Air Purifiers vs. UV Lights: What's Best for My Home?

Indoor air quality is something to keep in mind for every household. If you lack adequate air quality products, indoor air is often two to five times more polluted compared to outdoor air. But with different air cleaning methods on the market, how do you determine which one is right for your home and family? Here’s a comparison of two top options—air purifiers and UV lights.

How Do Air Purifiers Work?

Air purifiers are used to increase indoor air quality by removing dust, tobacco smoke, and pollen from the air. Some also collect odor-causing molecules for a pleasant scent. Air purifiers can be found in a portable form, which means they can only work in one room at a time.

There are many types of air purifiers, such as mechanical filters, activated carbon filters, ozone generators, electronic air purifiers, and ionization systems. They all work slightly differently, but the goal is the same—to capture airborne particulates. However, once allergens fall to the floor, purifiers can no longer capture and remove them.

One common problem with several air purifiers is that they produce ozone. Whether in its pure form or blended with other chemicals, ozone can be detrimental to health. Breathing ozone weakens lung function and increases the risk of throat irritation, coughing, chest pain and lung inflammation. This is an ironic side effect, since a homeowner would only purchase an air purifier to improve indoor air quality, not make it worse! Based on U.S. Environmental Protection Agency (EPA) recommendations, homeowners are advised to use proven methods of reducing indoor air pollution. These methods include phasing out or controlling pollutant sources, adding outdoor air ventilation and using any proven methods of air cleaning that doesn’t intensify or produce ozone.

How Do UV Lights Work?

Ultraviolet-C (UVC) rays are the highest energy portion of the UV radiation spectrum. This type of light is considered germicidal because it inactivates most viruses and kills bacteria and molds. UV lamps have been used as a sterilization method in hospitals and food production for many years. When added to your HVAC system, UV lights can dramatically increase indoor air quality.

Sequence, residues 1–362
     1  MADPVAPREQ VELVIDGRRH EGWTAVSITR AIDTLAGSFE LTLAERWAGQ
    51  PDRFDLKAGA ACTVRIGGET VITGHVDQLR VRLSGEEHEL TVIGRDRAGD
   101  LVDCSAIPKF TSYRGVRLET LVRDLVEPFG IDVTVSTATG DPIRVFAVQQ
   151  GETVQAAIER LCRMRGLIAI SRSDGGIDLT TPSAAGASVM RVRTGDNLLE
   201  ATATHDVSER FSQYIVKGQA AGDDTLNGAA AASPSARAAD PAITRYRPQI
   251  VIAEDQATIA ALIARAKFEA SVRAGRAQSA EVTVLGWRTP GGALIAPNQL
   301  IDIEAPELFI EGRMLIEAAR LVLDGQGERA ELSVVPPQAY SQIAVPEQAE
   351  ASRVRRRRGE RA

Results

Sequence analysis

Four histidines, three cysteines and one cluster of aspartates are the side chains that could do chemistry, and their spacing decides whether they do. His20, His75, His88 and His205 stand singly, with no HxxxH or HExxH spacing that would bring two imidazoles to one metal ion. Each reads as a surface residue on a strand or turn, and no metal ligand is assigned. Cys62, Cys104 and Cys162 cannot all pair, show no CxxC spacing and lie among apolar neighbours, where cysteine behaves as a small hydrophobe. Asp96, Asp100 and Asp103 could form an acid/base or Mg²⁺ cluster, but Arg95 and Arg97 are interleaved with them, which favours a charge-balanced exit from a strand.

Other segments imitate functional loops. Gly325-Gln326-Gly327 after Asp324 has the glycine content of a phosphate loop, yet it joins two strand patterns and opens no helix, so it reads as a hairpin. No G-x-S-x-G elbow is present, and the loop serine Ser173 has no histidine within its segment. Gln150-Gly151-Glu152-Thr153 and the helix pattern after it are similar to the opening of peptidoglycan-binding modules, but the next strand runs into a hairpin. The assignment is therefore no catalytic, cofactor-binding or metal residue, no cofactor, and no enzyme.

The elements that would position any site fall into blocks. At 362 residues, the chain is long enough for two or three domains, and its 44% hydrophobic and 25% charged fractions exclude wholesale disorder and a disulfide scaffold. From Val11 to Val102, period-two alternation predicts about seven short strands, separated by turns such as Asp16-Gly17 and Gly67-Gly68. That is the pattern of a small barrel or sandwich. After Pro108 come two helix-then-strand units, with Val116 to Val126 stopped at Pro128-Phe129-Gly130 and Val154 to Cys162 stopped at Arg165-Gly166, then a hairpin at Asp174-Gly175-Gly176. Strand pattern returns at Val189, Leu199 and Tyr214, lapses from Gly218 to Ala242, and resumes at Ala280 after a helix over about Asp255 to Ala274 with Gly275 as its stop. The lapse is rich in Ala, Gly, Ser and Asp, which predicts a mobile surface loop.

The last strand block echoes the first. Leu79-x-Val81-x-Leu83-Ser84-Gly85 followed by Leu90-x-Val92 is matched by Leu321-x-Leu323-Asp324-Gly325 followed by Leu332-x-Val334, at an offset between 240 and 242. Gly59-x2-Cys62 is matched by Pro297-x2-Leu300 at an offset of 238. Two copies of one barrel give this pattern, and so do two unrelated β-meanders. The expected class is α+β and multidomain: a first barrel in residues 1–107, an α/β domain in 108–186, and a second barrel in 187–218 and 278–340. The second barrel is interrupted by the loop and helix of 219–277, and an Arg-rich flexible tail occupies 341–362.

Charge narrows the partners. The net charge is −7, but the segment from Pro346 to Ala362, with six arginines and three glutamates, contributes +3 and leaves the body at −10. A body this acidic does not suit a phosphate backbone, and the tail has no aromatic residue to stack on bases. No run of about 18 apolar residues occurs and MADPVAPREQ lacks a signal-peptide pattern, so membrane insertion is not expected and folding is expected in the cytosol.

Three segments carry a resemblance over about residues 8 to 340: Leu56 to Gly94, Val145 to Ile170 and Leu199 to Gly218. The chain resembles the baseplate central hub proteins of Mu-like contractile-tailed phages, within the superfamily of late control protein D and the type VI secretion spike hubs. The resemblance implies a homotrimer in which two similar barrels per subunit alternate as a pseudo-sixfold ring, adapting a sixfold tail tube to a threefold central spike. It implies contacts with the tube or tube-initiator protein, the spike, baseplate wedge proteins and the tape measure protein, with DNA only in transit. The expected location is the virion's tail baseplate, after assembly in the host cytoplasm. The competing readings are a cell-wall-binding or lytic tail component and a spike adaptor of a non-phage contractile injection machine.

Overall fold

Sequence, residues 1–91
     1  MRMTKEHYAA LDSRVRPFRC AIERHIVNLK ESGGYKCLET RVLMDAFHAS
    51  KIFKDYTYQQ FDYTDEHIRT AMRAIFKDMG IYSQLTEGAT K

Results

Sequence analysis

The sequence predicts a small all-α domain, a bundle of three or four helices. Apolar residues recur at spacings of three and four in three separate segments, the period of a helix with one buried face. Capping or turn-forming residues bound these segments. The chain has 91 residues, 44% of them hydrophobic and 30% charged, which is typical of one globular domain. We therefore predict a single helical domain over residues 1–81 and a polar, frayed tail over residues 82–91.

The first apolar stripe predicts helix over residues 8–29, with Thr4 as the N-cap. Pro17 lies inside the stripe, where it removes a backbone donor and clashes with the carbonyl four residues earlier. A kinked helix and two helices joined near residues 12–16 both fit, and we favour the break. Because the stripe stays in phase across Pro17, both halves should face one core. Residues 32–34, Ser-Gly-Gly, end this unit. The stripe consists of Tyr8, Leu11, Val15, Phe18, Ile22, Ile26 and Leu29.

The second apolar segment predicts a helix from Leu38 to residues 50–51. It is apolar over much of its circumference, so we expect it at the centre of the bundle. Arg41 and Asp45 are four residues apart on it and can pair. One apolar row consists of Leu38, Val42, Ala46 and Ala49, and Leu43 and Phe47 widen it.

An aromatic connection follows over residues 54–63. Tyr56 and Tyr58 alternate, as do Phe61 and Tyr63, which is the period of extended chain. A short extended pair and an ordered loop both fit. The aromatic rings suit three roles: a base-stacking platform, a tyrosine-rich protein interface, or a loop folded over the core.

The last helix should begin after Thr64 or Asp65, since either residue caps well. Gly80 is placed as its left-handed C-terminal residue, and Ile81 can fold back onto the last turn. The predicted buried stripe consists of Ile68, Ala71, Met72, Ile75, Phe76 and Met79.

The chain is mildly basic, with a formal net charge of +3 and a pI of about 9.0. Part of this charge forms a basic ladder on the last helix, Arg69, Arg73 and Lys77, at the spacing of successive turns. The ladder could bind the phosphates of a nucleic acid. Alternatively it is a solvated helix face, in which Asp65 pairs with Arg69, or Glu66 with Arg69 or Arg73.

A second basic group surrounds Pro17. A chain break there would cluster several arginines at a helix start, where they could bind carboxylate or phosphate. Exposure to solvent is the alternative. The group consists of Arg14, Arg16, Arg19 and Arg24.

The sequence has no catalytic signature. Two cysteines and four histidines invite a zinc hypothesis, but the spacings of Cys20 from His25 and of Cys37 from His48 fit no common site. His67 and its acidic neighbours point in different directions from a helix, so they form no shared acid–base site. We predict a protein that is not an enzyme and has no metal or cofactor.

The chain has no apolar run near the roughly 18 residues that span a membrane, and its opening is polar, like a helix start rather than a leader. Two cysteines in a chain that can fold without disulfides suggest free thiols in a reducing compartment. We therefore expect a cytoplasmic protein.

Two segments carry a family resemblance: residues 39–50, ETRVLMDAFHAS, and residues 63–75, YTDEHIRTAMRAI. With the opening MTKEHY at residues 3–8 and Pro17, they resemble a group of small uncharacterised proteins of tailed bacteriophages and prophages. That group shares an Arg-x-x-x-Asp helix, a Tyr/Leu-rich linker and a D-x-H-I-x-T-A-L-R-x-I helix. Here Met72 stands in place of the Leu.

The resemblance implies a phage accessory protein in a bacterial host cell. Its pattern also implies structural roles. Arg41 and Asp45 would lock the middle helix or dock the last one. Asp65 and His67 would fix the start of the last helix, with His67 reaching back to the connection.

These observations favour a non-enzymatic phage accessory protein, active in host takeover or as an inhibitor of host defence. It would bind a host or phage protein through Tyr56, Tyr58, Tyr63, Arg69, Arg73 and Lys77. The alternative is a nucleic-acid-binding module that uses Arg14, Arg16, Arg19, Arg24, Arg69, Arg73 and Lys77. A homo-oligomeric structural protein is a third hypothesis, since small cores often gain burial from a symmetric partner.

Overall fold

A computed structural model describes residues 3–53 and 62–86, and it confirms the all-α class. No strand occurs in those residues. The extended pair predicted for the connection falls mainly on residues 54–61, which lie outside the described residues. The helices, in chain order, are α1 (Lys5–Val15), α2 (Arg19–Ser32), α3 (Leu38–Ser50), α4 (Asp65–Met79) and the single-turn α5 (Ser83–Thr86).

The process is very simple: an ultraviolet lamp is installed in your ductwork, where it runs continuously. Any time the air conditioner or furnace turns on, indoor air containing particles drifts through the light. Airborne microorganisms are deactivated in under 10 seconds of contact, rendering them unable to reproduce until they die soon after UVC exposure. It is encouraged that UV lights be utilized in conjunction with both high efficiency filtration and ventilation accessories. All three work in tandem to provide the best, most pure indoor air for your home.

Air Purifiers vs. UV Lights – Which is Better?

Service Experts Heating & Air Conditioning suggest installing UV lights for enhanced indoor air quality. This solution can bring relief to anyone struggling with asthma and allergies, especially in warm, humid regions where microorganisms flourish. Unlike air purifiers, UV lights can:

  • Filter the air in your entire home
  • Eliminate the majority of viruses, bacteria and mold
  • Increase your HVAC system’s lifespan
  • Minimize the potential of producing ozone

If you believe a UV germicidal light is best for your home, discuss it with one of our indoor air quality technicians today. We can point you to the ideal combination of products based on your HVAC equipment and indoor air quality needs. Remember, you should still use an HVAC air filtration system to trap dust, pollen and pet dander since UV lights can’t affect inorganic allergens. To learn more about different air cleaning methods, or to request a free home health consultation, call us at 925-364-5427 right away!

chat now widget box